For constitutive overexpression, cDNAs for Bach2, Tigit, Irf4, or Bcl6, followed by an IRES site and either eGFP or mAmetrine were cloned into the retroviral expression vector pMSCV (Takara Bio). For inducible overexpression, Bach2 was cloned behind a loxP-flanked dsRed stop cassette (23). For KO of genes, guide RNAs were selected using CrispRGold version 1.1 (https://crisprgold.mdc-berlin.de). Corresponding oligonucleotides (Supplemental Table I) were cloned into the BbsI site of a pMSCV-based guide RNA vector (17). Viral particles were generated in HEK293T cells by calcium phosphate transfection using the packaging plasmids pECO and pCpG. In vitro stimulated OT-II or Smarta T cells (OVA323–339 or LCMV GP61–80 peptide for 24 h) were infected with retroviral supernatants by centrifugation for 90 min at 400 × g, 32°C, and 8 μg/ml polybrene. Cells were cultured for additional 40 h and sorted for fluorescent protein–expressing cells on a FACSAria II flow sorter (BD Biosciences).
To determine the efficiency of CRISPR/Cas9-mediated KO, some cells were cultured for additional 24 h and sorted for Cas9-GFP and guide RNA–expressing T cells to prepare genomic DNA. The genomic region around the guide RNA binding site was amplified by PCR using the primers listed in Supplemental Table II. PCR products were cloned into pJet1.2 (Thermo Fisher Scientific) and subjected to Sanger sequencing. Sequences from at least 11 individual clones were aligned to the original DNA sequence.
Adoptive transfer experiments
A total of 2.5 × 105 retrovirally infected transgenic T cells were adoptively transferred by i.v. injection into C57BL/6 mice. For some experiments, 1 × 106 B1-8i B cells were cotransferred. Recipient mice were injected s.c. at the tailbase with cognate Ag (50 μg NP-conjugated OVA for OT-II T cells or 20 μg NP and GP61–80 coupled to mouse serum albumin for Smarta T cells) in complete Freund’s adjuvant (Sigma-Aldrich). To induce nuclear translocation of CreERT2 recombinase, mice were injected i.p. with 1.5 mg tamoxifen (Sigma-Aldrich) dissolved in sunflower oil. For determination of cell proliferation, 1 mg bromodeoxyuridine (BrdU; Sigma-Aldrich) was injected i.p. 12 and 24 h after tamoxifen administration. To block lymphocyte egress, 30 μg FTY720 (Sigma-Aldrich) was administered i.p. Draining inguinal lymph nodes were isolated at indicated time points and mashed through 70-μm sieves to prepare single-cell suspensions for flow cytometric analysis. Cells were counted with a Guava EasyCyte capillary flow cytometer and ViaCount solution (Merck Millipore). Transgenic T cells were identified in flow cytometry as CD4+B220−CD8−Thy-1.1+. Transgenic B cells were defined as CD19+CD3−CD8−CD45.2−CD45.1+.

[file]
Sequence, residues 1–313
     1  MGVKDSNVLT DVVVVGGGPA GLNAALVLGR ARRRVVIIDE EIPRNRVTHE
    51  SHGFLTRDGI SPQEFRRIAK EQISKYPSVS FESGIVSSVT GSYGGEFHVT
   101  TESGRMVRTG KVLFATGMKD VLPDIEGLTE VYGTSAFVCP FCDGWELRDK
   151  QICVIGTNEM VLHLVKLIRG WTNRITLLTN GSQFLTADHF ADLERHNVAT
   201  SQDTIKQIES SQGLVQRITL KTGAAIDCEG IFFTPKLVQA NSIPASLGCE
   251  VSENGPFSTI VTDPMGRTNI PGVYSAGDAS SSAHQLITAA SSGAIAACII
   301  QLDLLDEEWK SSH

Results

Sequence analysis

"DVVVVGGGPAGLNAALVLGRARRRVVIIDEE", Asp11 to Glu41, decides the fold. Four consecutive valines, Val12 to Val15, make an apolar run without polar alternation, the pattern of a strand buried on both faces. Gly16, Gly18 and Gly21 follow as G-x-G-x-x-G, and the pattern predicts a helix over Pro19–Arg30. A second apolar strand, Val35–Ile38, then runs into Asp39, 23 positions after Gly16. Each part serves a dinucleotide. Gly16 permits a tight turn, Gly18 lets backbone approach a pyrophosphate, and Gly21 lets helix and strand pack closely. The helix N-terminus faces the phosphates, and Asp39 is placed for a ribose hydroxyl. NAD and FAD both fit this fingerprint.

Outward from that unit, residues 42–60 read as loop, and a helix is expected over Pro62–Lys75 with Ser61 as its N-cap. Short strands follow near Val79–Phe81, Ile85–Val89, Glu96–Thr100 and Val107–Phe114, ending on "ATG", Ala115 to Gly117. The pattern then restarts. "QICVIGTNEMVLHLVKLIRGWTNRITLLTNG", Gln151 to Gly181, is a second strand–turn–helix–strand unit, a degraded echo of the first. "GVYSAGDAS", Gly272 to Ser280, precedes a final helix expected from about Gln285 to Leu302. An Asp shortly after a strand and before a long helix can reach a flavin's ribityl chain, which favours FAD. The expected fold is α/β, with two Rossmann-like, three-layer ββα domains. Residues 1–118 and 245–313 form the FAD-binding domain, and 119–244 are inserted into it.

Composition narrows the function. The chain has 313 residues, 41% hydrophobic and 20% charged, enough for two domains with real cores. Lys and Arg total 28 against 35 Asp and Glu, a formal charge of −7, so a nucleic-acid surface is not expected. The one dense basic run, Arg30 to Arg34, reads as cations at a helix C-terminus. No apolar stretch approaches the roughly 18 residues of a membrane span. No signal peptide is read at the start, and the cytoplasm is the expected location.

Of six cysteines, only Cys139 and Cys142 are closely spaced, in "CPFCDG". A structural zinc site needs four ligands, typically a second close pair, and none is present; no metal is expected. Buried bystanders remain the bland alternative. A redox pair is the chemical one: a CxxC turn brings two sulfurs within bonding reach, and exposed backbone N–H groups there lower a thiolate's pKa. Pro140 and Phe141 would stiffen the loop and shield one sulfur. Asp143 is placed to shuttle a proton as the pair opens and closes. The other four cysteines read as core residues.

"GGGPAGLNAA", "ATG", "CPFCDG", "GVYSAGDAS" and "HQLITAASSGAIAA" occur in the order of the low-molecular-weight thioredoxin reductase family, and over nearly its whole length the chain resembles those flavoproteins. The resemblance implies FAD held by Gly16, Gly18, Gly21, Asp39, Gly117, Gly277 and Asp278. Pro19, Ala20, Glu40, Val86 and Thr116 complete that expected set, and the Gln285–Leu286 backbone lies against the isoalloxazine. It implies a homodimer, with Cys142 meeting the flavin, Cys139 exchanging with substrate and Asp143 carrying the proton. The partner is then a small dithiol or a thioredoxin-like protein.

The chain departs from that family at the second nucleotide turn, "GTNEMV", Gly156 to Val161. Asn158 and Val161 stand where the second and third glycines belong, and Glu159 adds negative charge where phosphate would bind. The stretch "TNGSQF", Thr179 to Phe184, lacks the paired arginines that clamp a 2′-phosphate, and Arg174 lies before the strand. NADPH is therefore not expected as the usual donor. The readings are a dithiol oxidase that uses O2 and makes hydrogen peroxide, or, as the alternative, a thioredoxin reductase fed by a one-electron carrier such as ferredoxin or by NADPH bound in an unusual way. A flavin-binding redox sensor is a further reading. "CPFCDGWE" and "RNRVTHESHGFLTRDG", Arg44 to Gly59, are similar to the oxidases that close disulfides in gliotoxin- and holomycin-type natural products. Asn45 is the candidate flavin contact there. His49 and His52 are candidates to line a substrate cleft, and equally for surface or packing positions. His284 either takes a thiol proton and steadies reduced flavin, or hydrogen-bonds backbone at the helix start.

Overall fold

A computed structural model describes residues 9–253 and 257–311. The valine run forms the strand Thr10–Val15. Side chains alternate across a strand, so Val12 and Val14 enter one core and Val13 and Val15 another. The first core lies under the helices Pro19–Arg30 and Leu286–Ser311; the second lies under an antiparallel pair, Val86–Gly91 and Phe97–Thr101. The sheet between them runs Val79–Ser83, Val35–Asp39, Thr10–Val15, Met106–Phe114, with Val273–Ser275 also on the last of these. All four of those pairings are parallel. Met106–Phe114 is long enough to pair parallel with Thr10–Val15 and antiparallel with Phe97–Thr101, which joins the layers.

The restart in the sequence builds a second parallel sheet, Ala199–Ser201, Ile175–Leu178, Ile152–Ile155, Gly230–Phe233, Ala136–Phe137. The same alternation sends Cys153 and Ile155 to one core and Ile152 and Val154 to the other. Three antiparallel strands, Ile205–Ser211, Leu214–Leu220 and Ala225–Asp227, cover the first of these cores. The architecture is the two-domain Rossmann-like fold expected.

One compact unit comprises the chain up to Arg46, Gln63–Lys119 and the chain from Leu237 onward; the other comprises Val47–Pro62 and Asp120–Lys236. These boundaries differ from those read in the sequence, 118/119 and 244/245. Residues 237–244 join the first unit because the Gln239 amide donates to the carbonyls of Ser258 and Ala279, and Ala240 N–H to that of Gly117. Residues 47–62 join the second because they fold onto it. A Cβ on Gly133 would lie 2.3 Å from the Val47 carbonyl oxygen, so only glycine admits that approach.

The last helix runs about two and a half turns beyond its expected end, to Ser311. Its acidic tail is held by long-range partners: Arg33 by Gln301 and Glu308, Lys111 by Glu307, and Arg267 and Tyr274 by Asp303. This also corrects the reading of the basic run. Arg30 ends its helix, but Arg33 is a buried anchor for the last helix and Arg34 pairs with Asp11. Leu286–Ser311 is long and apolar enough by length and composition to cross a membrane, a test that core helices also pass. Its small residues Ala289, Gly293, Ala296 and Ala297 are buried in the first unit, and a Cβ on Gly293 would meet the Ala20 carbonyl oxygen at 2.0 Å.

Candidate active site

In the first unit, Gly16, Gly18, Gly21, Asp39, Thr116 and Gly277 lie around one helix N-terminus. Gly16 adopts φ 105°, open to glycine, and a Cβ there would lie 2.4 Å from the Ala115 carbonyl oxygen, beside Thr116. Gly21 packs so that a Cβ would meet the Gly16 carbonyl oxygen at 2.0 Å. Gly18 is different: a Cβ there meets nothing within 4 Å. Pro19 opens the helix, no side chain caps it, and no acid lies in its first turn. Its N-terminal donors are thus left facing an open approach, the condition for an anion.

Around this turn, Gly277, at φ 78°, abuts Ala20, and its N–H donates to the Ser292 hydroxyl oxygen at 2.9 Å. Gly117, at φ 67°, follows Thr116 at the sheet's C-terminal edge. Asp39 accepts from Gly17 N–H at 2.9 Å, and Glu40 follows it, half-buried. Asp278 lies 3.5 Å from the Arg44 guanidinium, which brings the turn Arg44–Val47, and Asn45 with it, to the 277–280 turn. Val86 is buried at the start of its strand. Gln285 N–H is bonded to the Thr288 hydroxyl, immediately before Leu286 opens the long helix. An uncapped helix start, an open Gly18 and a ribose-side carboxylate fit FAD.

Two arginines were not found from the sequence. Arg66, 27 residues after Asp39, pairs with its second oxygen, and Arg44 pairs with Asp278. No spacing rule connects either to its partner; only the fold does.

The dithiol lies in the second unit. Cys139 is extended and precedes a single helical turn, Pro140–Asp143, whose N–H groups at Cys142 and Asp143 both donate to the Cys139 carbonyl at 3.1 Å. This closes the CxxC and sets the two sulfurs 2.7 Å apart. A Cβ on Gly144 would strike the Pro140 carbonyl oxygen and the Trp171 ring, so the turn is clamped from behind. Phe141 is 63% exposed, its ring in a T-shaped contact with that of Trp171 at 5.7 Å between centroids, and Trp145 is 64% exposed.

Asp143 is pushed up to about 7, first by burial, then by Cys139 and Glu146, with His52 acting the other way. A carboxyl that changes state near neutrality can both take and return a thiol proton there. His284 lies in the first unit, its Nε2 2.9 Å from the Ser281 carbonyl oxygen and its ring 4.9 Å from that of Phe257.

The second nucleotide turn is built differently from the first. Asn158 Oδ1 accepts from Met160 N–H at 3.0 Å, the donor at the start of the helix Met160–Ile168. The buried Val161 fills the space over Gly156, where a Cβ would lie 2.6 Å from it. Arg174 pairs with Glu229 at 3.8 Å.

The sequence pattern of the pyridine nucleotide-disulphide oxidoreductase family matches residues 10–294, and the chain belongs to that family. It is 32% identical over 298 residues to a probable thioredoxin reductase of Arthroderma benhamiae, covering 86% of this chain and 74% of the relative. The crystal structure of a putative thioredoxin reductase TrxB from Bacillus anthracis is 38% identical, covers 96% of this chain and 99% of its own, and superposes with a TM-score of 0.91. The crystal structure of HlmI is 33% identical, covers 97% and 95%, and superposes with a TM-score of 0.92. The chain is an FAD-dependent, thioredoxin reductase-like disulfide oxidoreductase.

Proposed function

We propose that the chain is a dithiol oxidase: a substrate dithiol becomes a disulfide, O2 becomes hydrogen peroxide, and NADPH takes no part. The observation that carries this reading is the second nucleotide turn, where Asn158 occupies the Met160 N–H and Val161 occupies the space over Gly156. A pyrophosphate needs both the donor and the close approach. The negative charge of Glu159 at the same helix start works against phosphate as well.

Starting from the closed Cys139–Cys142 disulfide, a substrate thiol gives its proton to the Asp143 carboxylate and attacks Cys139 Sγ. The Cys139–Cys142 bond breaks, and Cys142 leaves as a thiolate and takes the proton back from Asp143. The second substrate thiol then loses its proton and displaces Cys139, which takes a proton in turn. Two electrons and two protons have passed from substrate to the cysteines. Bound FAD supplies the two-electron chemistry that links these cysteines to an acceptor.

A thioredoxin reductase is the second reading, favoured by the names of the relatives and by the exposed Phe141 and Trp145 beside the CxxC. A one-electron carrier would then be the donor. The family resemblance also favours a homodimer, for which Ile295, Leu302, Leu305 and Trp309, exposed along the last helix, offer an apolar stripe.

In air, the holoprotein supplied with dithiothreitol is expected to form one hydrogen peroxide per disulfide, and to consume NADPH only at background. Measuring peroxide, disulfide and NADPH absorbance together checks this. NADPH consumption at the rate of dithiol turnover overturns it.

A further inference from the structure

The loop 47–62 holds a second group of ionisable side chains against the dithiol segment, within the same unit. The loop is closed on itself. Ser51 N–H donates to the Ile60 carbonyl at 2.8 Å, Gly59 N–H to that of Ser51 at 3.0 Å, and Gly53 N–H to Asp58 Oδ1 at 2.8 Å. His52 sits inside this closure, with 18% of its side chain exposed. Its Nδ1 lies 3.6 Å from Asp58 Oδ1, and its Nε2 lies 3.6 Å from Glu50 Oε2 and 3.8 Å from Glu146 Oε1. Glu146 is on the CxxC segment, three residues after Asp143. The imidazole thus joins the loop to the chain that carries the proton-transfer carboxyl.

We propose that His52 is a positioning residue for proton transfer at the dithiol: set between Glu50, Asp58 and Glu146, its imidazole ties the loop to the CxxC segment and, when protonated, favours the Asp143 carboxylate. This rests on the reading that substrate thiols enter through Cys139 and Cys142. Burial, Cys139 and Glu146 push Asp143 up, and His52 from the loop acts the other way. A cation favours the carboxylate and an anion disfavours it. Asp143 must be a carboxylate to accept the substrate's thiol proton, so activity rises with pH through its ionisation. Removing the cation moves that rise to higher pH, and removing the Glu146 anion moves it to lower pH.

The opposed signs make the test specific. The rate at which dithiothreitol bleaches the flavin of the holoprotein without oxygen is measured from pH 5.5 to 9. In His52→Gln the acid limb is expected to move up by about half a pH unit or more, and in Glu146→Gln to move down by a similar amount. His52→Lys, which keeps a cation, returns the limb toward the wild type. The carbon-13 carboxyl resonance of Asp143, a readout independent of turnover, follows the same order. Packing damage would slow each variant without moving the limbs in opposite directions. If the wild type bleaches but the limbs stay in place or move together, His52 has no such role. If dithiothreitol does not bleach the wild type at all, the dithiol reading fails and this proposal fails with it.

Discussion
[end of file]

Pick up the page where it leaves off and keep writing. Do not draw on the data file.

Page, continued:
Sorting of Ag-specific Tfh cells
Sorting of transgenic murine Tfh and non-Tfh cells was performed as described (24). In brief, transgenic T cells from inguinal lymph nodes were first enriched by magnetic sorting using Thy-1.1 MicroBeads (Miltenyi Biotec), followed by sorting on an BD FACSAria II flow sorter (BD Biosciences) for live B220−CD8−CD4+Thy-1.1+CD44high and either CXCR5/PD-1 double-positive or negative cells. Human tonsils from patients undergoing routine tonsillectomy were obtained after informed consent. Mononuclear cells were prepared by mechanical disruption of tissue and Ficoll density centrifugation. Tfh and non-Tfh cells were sorted as live CD3+CD4+CD45RO+CD45RA− and ICOS/CXCR5 double positive or double negative, respectively.
Single-cell suspensions from lymph nodes were stained with different combinations of mAbs (Supplemental Table III) conjugated to Biotin, FITC, PE, PerCP, PE-Cy7, Alexa Fluor 647, Alexa Fluor 700, APC-Cy7, Pacific Blue, Brilliant Violet 421, Brilliant Violet 605, Brilliant Violet 711, or Brilliant Violet 785. Streptavidin/PE-Cy7 was used as secondary reagent for biotinylated Abs. Fc-receptors were blocked with 2.4G2 (anti-CD16/32). Abs were bought from commercial suppliers or were purified from hybridoma supernatants and coupled to fluorophores by standard procedures. To detect early apoptotic cells, a FITC-conjugated inhibitor of caspase-3 (CaspGLOW; eBioscience) was used according to the manufacturer’s instructions. Intracellular staining for transcription factors and apoptotic proteins was performed using the Foxp3 Staining Buffer Set from eBioscience. DNA-incorporated BrdU was labeled with the APC BrdU Flow Kit (BD Biosciences) according to the manufacturer’s instructions. To discriminate dead cells, either DAPI was added to live cells immediately before analysis or cells were stained on ice for 25 min with 84 nM Alexa 700 succinimidyl ester (Thermo Fisher Scientific) prior to fixation. Cells were analyzed on a BD LSRFortessa (BD Biosciences). Analysis gates were set on live cells defined by scatter characteristics and exclusion of DAPI- or Alexa 700-positive cells. Data were analyzed with FlowJo Software (Tree Star).
Quantitative RT-PCR and next-generation sequencing
RNA was isolated using the RNeasy Micro Kit (Qiagen) or Roche High Pure RNA Isolation Kit, and quality was checked on an Agilent 2100 Bioanalyzer. For quantitative RT-PCR, cDNA was synthesized with the Applied Biosystems High Capacity cDNA Kit. Gene expression was analyzed on an Applied Biosystems 7500 Real Time PCR System using TaqMan gene expression assays for murine Bach2 (Mm00464379_m1), human Bach2 (Hs00222364_m1), and Hprt for standardization (Mm01545399_m1 and Hs02800695_m1).